Archive for the 'International' Category
Host: Colette Vogele
Guests: Andy Kaplan-Myrth and Kathleen Simmons, Co-Authors of The Podcasting Legal Guide for Canada, from University of Ottawa, Law and Technology Program.
Topics: Creative Commons Canada recently released The Podcasting Legal Guide for Canada: Northern Rules for the Revolution. Colette discusses the origins of the guide, the important differences it highlights from US law, jurisdiction questions, and best practices for Canadian podcasters, with the co-authors of the new Guide.
Links for this Episode
As always, you can reference the The Podcasting Legal Guide: Rules for the Revolution for more information on legal questions related to podcasting in the U.S. For Canadian listeners, please check out the Canadian Podcasting Legal Guide.
Credits: Benjamin A. Costa, Legal and Production Intern. Music for this episode is licensed from Magnatune. (Artist: Burnshee Thornside; Album: The Art Of Not Blending In; Song: Can I Be A Star.) Special thanks to Creative Commons and Alex Roberts for the logo design, and to Bill Streeter for getting this site designed and rolling for us.
Feedback: We would very much like to hear from you and get your feedback on this new podcast series. Things you like, don’t like, or questions you have that you’d like answered in a future episode are welcome. Please send us your feedback and questions by emailing us at colette [at] rulesfortherevolution [dot] com or by calling our listener comment line at 206-948-1455. Please note our new number!!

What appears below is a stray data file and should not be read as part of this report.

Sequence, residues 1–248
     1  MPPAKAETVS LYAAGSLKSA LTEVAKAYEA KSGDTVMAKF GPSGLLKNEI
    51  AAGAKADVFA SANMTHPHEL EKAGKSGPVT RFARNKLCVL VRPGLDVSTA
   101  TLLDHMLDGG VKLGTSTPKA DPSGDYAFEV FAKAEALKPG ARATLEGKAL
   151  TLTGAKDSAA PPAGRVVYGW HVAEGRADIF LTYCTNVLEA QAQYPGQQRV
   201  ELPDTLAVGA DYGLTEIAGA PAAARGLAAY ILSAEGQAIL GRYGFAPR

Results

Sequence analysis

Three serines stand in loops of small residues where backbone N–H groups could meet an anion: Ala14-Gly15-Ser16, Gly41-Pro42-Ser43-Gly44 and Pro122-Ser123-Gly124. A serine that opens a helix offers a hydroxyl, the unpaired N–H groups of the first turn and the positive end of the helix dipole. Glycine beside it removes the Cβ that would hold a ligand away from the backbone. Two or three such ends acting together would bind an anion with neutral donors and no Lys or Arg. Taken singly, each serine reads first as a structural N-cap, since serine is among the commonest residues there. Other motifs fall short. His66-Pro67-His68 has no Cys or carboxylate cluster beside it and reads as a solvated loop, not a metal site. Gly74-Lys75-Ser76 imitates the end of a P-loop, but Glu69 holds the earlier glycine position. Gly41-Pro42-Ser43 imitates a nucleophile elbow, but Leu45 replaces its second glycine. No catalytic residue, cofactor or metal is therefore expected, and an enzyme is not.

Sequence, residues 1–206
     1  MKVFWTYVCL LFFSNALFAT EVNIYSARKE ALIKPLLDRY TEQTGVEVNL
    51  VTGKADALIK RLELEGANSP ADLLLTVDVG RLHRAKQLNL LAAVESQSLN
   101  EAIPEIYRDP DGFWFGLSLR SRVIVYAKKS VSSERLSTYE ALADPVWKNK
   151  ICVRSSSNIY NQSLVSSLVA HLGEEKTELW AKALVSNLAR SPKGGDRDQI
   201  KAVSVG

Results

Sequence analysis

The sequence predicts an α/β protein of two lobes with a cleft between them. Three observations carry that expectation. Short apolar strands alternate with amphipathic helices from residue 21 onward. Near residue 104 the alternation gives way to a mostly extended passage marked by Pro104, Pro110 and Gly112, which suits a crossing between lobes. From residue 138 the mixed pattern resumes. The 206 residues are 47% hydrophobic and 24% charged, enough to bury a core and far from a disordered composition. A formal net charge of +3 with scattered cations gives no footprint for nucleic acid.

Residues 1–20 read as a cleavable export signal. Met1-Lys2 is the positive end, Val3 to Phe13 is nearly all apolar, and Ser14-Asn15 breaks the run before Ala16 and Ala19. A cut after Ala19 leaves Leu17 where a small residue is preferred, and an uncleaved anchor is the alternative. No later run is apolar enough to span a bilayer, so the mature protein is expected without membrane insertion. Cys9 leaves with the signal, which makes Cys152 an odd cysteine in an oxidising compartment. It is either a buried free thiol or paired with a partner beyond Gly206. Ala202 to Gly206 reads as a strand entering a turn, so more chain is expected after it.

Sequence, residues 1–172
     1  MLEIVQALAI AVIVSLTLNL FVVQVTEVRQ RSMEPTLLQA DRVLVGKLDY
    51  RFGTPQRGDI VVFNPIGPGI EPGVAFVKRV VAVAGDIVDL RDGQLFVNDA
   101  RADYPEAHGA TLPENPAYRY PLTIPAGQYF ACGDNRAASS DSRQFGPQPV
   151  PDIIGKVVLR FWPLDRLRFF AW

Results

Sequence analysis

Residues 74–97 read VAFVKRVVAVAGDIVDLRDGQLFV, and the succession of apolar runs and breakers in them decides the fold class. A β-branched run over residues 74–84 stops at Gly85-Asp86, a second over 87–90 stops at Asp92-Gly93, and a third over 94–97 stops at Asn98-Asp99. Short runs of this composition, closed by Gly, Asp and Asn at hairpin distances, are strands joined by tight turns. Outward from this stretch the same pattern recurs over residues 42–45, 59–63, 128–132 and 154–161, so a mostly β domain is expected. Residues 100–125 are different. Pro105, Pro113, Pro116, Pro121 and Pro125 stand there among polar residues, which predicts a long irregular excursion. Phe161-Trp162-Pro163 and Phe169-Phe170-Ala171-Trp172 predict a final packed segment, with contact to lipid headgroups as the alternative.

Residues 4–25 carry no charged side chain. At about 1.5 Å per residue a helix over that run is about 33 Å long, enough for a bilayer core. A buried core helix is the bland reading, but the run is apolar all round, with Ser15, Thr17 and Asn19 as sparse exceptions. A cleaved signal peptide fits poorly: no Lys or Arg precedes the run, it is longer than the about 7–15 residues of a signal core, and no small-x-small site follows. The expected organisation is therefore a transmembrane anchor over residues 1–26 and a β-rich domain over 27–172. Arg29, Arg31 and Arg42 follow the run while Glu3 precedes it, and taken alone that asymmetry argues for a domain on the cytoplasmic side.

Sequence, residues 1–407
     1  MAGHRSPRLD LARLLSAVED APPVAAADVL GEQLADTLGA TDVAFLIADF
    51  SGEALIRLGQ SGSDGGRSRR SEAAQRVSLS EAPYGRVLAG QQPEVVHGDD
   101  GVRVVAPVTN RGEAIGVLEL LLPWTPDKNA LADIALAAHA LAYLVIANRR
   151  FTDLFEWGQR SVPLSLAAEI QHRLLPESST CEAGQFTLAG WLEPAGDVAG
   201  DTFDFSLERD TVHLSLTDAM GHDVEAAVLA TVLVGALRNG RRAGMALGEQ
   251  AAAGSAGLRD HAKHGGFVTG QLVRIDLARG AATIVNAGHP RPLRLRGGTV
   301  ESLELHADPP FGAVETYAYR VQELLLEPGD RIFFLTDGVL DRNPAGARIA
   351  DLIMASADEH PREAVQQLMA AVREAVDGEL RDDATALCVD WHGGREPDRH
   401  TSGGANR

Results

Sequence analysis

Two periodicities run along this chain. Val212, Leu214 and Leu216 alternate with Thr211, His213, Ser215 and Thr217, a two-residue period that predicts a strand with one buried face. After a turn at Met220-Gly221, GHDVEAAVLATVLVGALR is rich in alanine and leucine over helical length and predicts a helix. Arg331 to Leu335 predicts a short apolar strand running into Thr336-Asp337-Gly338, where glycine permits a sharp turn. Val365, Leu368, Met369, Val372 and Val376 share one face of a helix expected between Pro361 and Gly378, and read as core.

The original content of this podcast is licensed under a
Creative Commons Attribution-Noncommercial-Share Alike 3.0 United States License. Please attribute legal copies of this work to “Colette Vogele, Rules for the Revolution: The Podcast”. For information on commercial use, please contact colette [at] vogelelaw [dot] com.
One reason why we published the U.S. version of the Guide with the flexible CC-NC-SA license was with the hopes that attorneys in other jurisdictions would translate and adapt it for jurisdictions outside of the U.S.
Also, as the CC Canada press release explains, the authors did nearly a complete re-write of the guide because copyright, trademark and publicity rights receive different treatment in Canada. One example, is that Canada has many collecting societies that need to be understood if licensing music from Canadian artists (see page 15). This adapted guide for Canada also includes a “copyright matrix” (page 16) and a “rights clearance flow chart” (page 19), both of which will help explain the various rights and who get’s paid for what in the world of music licensing. Moreover, it looks like authors Kathleen Simmons and Andy Kaplan-Myrth have a sense of humor. They have sub-titled their guide, “Northern Rules for the Revolution”. Do we have any attorneys in Mexico, Central or South America who will volunteer to write “Southern Rules for the Revolution” next??
My sincere congratulations go out to Kathleen Simmons, Andy Kaplan-Myrth, the the faculty of the Law & Technology group at the University of Ottawa for bringing the podcasting community this great new resource.6 comments